When widowed mule breeder Cy Bellman reads in the newspaper that colossal ancient bones have been discovered in the salty Kentucky mud, he sets out from his small Pennsylvania farm to see for himself if the rumors are true: that the giant monsters are still alive and roam the uncharted wilderness beyond the Mississippi River. Promising to write and to return in two years, he leaves behind his only daughter, Bess, to the tender mercies of his taciturn sister and heads west.
...one of the most haunting and beautifully crafted novels I have read in a long time ... Some readers might find the premise of the novel (Bellman’s search for monsters) difficult to navigate, and just too quixotic. But, once you accept it, the novel blossoms. Davies, as she showed in her previous books, is immensely generous towards her characters — a gift of empathy that is hard to resist. She is comfortable, too, inhabiting different voices, and is subtle and rounded in her characterisation ... There is something of the fairy tale about Davies’s book. And like the best fairy tales, it is filled with wonder, about the natural world, and about humans and their impractical dreams. Davies has produced something quite wonderful in West. This is a gently seductive book, one that entrances right to its cleverly conceived end.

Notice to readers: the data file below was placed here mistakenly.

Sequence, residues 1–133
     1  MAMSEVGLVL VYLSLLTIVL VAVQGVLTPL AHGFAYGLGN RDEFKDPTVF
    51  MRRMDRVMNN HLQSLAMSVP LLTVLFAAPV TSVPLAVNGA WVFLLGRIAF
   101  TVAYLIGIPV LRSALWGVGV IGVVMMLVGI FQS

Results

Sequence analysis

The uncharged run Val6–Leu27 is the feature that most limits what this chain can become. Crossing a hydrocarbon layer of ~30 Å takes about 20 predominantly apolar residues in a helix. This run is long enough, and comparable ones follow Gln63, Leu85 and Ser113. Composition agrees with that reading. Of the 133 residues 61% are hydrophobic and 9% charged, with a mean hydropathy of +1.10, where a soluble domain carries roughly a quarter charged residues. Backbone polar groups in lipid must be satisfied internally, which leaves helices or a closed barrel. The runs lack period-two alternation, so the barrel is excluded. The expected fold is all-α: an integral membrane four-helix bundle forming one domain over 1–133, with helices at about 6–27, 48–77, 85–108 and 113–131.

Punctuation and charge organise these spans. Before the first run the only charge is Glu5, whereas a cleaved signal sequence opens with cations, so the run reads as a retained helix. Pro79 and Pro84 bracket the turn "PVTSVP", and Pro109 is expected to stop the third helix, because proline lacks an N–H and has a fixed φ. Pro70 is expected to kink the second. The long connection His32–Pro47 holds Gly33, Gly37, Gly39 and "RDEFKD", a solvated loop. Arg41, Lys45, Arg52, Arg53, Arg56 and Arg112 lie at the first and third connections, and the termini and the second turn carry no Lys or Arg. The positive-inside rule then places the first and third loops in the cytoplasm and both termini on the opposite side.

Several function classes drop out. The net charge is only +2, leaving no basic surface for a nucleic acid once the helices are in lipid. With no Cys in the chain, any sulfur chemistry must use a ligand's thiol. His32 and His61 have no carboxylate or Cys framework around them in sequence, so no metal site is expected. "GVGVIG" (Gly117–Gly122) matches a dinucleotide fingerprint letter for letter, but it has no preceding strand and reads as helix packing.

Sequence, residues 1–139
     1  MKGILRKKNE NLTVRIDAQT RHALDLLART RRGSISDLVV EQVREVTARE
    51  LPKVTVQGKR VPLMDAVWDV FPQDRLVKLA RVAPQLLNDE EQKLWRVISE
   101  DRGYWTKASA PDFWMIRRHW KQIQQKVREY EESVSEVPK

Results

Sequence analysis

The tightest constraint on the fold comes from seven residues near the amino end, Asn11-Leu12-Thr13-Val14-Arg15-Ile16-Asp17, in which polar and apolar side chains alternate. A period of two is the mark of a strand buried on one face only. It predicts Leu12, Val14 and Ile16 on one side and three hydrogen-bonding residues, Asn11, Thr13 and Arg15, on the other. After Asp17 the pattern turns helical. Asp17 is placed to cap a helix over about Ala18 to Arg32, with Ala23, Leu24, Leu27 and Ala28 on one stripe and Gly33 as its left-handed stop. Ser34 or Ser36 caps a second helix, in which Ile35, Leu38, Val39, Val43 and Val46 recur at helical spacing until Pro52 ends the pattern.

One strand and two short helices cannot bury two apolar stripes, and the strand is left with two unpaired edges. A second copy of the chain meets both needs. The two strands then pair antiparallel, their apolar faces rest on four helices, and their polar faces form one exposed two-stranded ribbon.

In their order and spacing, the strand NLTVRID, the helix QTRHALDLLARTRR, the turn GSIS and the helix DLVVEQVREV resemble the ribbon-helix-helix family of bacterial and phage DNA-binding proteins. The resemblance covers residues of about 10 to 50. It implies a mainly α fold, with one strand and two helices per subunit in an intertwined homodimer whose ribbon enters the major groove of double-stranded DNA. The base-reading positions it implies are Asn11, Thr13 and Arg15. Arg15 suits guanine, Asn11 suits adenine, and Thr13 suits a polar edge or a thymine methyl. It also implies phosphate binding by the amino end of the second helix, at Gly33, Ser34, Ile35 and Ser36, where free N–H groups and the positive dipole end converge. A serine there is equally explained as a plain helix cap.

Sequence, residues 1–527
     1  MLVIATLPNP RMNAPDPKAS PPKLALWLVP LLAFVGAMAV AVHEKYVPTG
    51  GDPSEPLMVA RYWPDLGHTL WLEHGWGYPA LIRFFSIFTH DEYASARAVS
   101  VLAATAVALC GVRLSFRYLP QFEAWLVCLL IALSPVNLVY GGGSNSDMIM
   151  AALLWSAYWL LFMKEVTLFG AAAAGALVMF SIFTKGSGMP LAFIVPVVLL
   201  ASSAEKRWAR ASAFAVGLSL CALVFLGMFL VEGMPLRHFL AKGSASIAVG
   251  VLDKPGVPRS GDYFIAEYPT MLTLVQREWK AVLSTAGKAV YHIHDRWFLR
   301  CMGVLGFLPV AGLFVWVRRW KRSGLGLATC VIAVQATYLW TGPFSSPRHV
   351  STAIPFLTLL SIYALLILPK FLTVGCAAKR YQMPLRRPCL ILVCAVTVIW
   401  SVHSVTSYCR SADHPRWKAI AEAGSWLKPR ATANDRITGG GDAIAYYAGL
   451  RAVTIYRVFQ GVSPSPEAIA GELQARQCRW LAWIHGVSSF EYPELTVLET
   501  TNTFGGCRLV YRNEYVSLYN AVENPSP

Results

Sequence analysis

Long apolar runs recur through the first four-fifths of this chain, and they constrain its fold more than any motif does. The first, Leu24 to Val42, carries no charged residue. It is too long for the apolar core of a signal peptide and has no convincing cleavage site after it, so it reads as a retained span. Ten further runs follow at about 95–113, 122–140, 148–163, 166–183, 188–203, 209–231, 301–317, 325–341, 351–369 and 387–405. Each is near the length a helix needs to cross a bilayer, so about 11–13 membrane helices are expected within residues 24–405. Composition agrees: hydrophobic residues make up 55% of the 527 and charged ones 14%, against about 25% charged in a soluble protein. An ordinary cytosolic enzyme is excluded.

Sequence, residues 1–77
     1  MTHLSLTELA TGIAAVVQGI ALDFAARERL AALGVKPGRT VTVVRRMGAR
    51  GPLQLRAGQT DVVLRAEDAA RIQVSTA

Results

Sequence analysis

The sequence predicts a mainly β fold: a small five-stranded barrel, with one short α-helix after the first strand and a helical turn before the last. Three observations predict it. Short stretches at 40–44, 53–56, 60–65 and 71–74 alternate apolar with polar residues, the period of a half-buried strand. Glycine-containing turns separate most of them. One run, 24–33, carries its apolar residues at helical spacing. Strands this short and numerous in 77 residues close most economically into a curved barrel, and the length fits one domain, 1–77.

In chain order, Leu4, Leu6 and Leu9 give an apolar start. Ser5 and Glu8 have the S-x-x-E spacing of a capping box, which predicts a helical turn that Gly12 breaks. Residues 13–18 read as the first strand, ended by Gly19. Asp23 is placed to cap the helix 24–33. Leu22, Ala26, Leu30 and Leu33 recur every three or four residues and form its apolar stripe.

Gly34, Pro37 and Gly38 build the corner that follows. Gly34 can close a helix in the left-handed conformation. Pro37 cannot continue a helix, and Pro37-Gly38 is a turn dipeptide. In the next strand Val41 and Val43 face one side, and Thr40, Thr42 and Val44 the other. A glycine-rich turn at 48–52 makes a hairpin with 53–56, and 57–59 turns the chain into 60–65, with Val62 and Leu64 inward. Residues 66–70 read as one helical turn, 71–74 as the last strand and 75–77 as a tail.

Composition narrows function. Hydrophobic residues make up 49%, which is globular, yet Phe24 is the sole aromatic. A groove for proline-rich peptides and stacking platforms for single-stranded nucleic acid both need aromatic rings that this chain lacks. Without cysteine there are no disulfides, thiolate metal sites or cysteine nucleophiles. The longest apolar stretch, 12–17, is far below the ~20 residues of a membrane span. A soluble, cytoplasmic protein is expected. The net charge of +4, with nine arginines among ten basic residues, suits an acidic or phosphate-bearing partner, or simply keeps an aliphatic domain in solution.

As Cy stumbles westward, oblivious to the futility of his quest, such is Davies’ command of her material that she makes of him not merely an object of comedy, or pity, but of empathy ... A multi-faceted gem of a book, West taps the spirit of the great quest novels of Twain, Melville, Cervantes, but with a gentle feminist twist and a fraction of the page count.
Davies’ background in short-story writing is evident. This recent Frank O’Connor Short Story Award-winner has a succinct, precise, and even lyrical style of writing. At 149 pages, this is a book you could read in an afternoon. But you won’t want to. Davies’ prose is something you’ll want to savor ... I believe that Davies has achieved something striking in this small volume: As Frederick Jackson Turner viewed American history through the lens of the frontier, she has examined the power — and perhaps failure — of storytelling through the lens of the American West.